Newsletter Lexunion Nº15 – 3T 2018

Newsletter Lexunion Nº15 – 3T 2018


We are glad to let you know that the 15th edition of the Newsletter of our network LEXUNION is now available.

It’s a free quarterly newsletter that deals with legal and tax developments in member countries of the Lexunion network, with the purpose to help french compagnies and persons clients of our network.

It can be downloaded on this link: Newsletter client – Lexunion 15-2018_FR_EN


Judgement of the CJEU of 1 March 2018: German matrimonial regime and consideration of paragraph 1371(1) of the BGB as succession-related

The question as to whether paragraph 1371(1) of the Bürgerliches Gesetzbuch (Civil Code; ‘the BGB’), is to be regarded as relating to a succession regime or a matrimonial regime has been argued over inter partes for years. The CJEU has now put an end to this dispute.

In the terms of a judgement dated 1 March 2018, the Court of Justice of the European Union (CJEU) ruled that “Article 1(1) of Regulation (EU) No 650/2012 […] must be interpreted as meaning that a national provision, such as that at issue in the main proceedings, which prescribes, on the death of one of the spouses, a fixed allocation of the accrued gains by increasing the surviving spouse’s share of the estate falls within the scope of that regulation.”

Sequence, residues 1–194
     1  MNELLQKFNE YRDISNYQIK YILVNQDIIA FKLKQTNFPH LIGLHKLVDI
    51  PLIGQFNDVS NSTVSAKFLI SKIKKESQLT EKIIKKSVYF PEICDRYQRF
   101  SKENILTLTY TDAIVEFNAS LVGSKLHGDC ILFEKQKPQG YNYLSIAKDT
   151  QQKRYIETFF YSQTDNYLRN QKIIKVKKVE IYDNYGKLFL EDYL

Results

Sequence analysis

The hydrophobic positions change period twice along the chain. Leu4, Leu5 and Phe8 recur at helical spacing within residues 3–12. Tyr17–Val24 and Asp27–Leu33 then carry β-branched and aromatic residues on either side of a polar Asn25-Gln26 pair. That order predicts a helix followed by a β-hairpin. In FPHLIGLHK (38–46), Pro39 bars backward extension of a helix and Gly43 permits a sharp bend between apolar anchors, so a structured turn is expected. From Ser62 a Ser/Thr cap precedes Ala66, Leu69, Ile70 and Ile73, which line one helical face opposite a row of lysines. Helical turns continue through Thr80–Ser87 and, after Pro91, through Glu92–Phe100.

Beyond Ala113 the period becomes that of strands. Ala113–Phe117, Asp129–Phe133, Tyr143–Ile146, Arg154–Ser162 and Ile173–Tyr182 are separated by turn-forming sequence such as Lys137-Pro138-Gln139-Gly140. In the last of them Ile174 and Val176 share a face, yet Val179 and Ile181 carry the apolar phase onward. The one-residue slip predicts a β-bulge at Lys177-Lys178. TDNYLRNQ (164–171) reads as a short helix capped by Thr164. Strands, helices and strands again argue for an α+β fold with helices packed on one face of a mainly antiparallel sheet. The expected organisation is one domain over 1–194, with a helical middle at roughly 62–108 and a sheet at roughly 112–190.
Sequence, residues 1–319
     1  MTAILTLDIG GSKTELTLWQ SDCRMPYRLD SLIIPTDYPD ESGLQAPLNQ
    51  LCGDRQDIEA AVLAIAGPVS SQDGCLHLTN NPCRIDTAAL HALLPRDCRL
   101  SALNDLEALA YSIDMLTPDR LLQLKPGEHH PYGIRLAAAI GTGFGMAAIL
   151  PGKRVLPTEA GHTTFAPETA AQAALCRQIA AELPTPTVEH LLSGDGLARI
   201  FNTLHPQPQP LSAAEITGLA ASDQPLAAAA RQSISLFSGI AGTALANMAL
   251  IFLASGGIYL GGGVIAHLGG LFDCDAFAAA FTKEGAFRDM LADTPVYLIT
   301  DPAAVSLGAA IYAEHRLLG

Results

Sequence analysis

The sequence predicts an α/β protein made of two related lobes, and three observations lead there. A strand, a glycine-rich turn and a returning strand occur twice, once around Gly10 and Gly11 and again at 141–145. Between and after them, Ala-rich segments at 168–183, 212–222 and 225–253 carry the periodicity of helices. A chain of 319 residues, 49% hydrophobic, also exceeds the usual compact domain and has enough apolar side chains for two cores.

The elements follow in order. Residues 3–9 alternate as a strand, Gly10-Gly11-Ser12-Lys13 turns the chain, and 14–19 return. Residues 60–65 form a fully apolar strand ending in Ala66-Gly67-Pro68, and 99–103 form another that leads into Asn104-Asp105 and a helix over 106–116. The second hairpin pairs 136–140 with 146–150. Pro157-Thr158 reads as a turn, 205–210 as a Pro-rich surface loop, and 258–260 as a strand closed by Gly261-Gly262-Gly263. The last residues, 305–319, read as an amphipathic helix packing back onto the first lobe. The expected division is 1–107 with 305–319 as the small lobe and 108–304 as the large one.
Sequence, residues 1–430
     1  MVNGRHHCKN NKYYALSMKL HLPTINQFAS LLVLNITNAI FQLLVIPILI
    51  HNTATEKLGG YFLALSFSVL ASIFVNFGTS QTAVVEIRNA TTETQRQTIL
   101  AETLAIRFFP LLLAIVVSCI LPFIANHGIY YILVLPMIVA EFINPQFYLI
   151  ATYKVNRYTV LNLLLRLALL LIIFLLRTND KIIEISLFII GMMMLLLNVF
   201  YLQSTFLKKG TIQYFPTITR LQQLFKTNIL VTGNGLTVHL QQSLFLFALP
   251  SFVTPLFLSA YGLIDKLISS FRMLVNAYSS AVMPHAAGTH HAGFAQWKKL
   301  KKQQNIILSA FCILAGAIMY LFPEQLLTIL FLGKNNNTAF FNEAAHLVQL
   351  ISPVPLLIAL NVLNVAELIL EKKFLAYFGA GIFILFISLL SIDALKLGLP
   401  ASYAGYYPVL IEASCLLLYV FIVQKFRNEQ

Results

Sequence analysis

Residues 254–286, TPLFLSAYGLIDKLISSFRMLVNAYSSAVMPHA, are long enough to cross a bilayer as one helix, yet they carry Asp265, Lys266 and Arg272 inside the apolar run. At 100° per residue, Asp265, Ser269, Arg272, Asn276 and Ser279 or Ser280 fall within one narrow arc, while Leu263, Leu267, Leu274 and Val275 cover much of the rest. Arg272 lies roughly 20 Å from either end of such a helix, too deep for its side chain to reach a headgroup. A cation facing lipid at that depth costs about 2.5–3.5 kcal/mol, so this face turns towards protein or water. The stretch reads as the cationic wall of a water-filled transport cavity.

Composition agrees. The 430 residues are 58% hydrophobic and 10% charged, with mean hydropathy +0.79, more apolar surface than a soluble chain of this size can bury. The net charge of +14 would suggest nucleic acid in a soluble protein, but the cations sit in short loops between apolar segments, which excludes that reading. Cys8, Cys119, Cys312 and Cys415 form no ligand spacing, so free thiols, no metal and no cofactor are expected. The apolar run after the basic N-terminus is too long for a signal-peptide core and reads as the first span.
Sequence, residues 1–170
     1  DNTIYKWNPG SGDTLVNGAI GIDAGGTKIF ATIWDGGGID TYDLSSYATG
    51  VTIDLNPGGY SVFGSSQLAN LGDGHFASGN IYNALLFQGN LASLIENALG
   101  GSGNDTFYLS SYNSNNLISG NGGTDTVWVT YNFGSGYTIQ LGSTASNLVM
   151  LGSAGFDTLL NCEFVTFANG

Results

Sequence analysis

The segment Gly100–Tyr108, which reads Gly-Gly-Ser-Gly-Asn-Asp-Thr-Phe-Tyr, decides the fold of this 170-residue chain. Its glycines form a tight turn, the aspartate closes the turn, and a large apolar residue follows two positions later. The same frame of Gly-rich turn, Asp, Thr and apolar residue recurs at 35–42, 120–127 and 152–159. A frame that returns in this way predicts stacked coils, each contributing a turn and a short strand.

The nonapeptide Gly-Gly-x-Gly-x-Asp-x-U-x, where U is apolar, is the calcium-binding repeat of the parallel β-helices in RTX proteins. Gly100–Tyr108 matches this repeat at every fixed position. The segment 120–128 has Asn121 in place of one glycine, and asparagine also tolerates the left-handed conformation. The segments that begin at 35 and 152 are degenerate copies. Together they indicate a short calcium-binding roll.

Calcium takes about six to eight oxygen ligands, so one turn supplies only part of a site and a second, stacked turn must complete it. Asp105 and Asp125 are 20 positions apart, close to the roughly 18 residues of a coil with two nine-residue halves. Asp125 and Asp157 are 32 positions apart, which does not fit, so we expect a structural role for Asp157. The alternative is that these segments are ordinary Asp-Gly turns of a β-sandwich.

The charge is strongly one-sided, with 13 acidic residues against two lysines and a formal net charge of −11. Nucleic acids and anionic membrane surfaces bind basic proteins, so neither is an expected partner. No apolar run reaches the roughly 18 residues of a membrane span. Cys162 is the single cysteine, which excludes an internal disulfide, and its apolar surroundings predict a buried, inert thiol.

The CJEU therefore ruled in favour of its being regarded as relating to a succession regime. As a result paragraph 1371(1) of the BGB, now applies only on the dual condition that 1) the spouses are married under the German legal regime and 2) the succession is subject to German law.

Paragraph 1371(1) of the BGB as it relates to the German legal regime of Zugewinngemeinschaft, a property regime of community of accrued gains, states that “If the property regime is ended by the death of a spouse, the equalisation of the accrued gains shall be effected by increasing the surviving spouse’s share of the estate on intestacy by one quarter of the estate; it is irrelevant in this regard whether the spouses have made accrued gains in the individual case.”In other words, there is no liquidation of the matrimonial regime as such: the succession is liquidated directly, increasing the surviving spouse’s share by a flat quarter. A real liquidation of the matrimonial regime, with a calculation of the share due, takes place only if the surviving spouse renounces the succession or has been disinherited (paragraph 1371(2) of the BGB).

In private international law, the question as to whether this provision is to be applied when the spouses were married under the German legal regime but the succession of the deceased spouse is subject to a law other than that of Germany has long been debated. It all depends on the classification adopted: if considered as matrimonial regime, the flat quarter applies since the deceased was married under the German legal regime; if considered as succession regime, it does not apply since the succession is subject to a law other than the German law.

The judgement handed down by the German Supreme Court (Bundesgerichtshof) on 13 May 2015 stressed the classification as matrimonial regime, which led to the application of paragraph 1371(1) of the BGB whenever the spouses were married under the German legal regime, irrespective of the law applicable to the succession.